Cannabis Marketing

Posted: April 21, 2013 in Cannabis, Entertainment, Marketing

dope picOn April 20, 2013, I decided to attend the Dope Magazine event in Seattle to observe and study the different marketing tactics the organization uses to promote their events. 4/20 is considered a cannabis holiday for those in the business. This year Dope partnered up with 7 Point Studios for its “Studio 4/20” event. This is the second annual event Dope Magazine has held in the city of Seattle but the first annual event since the end of prohibition.

Some highlights highlighted in the advertising was an evening filled with live shows, Dab bars, flower rooms with several vendors vending to patients, live glass blowing by world renowned artists, the Vape lounge which was interesting, a latex fashion show, great music, glass vendors with interesting designs, food trucks and beer gardens and a one- stop shop for any cannabis topicals you can find for your medicinal needs, and product competitions from the highest THC (Tetrahydrocannabidiol-psychoactive compound found in cannabis) to the the highest CBD (Cannabidiol-the non-psychoactive compound found in cannabis).

The line to get into the Dope event wrapped around the building and security was pretty tight. Walking up to the door, the lighting was bright and security checks were being performed on everyone and their bags. Walking through the front door, you were asked for your identification, and a fee of $30 was charged. After the check-in process was completed, you were free to walk through the doors. However, entry does not mean you were free to medicate in the designated areas for medicating. If you were interested in entering any of the medicated areas, then you were required to have Dope representatives confirm your medical recommendation was legitimate, as there are often many fraudulent papers milling aroung; and an additional fee of $10.00 was added to the $30.00. Once you were confirmed, then you were free to walk through the doors and enjoy the entertainment.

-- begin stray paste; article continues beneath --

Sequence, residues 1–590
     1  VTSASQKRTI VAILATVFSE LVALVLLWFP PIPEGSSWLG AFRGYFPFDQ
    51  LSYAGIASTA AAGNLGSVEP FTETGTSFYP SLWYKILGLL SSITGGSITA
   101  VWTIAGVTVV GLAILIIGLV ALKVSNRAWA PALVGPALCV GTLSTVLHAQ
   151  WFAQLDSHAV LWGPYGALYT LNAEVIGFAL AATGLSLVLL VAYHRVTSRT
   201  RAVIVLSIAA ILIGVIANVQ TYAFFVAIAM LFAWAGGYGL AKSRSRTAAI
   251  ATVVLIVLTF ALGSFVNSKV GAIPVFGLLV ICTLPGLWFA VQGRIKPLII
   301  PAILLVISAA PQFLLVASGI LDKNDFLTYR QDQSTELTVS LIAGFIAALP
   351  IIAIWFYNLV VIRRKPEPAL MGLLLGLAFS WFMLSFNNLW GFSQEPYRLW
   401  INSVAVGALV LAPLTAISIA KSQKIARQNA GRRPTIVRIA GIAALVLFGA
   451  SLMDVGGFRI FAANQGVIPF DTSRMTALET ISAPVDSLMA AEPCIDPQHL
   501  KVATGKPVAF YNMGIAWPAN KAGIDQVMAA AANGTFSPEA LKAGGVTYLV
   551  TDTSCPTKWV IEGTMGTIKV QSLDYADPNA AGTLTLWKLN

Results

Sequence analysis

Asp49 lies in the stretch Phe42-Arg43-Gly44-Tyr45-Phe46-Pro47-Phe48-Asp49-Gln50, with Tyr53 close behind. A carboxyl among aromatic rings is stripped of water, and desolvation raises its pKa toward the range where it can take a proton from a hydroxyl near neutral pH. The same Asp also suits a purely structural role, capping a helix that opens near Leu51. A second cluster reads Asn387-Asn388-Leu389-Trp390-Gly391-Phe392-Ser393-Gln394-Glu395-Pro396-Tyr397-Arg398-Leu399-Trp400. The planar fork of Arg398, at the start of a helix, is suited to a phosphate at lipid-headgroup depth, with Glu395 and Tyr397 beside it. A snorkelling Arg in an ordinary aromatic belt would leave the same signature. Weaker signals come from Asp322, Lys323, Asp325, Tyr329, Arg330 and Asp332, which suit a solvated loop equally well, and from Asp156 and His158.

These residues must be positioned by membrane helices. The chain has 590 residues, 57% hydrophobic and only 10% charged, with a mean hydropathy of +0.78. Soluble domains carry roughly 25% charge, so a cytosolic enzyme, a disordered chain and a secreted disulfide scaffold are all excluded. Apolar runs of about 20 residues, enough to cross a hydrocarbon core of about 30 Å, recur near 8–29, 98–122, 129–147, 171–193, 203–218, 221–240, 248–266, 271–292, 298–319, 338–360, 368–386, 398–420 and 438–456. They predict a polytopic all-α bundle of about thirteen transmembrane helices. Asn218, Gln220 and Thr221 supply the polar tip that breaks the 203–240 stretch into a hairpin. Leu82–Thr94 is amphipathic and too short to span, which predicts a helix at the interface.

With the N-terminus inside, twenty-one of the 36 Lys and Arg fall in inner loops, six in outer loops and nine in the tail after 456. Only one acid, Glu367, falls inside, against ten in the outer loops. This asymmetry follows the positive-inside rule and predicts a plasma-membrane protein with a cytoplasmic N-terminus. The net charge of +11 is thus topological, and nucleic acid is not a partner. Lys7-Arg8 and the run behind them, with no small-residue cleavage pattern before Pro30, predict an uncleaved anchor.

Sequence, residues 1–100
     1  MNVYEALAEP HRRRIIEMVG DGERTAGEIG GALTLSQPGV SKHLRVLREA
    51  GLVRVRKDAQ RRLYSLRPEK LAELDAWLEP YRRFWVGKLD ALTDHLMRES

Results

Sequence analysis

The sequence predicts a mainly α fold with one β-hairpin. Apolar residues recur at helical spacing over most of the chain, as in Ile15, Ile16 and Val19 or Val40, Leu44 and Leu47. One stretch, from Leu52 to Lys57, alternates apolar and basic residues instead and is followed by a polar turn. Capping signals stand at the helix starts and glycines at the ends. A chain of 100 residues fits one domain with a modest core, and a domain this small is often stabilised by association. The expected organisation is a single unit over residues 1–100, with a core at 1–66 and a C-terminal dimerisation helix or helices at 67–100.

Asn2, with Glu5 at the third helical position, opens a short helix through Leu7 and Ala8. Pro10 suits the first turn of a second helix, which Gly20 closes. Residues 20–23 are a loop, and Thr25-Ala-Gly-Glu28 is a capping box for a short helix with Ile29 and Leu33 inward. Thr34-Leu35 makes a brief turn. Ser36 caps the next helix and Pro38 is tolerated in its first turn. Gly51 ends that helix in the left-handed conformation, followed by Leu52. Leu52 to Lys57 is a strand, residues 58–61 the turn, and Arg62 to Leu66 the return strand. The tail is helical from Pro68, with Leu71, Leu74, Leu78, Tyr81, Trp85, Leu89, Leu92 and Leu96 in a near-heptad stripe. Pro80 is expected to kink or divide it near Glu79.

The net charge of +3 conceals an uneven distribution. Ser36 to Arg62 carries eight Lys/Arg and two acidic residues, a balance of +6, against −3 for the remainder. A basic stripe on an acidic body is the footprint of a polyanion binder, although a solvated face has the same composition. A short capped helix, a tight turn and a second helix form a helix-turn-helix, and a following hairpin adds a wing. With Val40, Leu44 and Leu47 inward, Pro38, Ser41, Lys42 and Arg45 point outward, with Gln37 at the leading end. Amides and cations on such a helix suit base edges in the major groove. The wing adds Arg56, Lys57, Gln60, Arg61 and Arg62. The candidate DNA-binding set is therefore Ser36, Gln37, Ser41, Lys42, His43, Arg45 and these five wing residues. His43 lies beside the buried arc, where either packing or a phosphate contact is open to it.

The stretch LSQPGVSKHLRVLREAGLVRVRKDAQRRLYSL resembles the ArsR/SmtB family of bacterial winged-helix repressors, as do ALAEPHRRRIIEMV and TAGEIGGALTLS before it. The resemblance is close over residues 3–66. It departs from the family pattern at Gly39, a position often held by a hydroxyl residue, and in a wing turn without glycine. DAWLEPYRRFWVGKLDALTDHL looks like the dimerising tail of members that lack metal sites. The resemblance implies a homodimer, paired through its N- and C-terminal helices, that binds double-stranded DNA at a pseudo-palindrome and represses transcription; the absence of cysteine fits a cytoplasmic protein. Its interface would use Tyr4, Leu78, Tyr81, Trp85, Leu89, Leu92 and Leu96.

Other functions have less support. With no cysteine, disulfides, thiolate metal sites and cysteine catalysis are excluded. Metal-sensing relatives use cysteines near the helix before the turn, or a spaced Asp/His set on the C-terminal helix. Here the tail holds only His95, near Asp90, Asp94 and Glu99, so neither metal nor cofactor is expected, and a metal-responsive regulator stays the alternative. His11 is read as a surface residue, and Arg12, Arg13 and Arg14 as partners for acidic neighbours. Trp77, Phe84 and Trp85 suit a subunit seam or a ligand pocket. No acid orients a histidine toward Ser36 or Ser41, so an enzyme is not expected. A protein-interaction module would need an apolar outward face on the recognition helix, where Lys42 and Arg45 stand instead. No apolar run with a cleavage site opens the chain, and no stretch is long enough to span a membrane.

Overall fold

As I walked in, the vibeology was amazing. The venue was dressed with beautiful artwork on the walls that looked as if it took longer than a day to paint. The lighting and artwork, the live rope entertainment as you walked into the venue gave you a feeling that you were in a different world where you were free to mill around the performers up above. People milled around the area with media, in private rooms, oil dab rooms and Vape rooms socializing and having fun.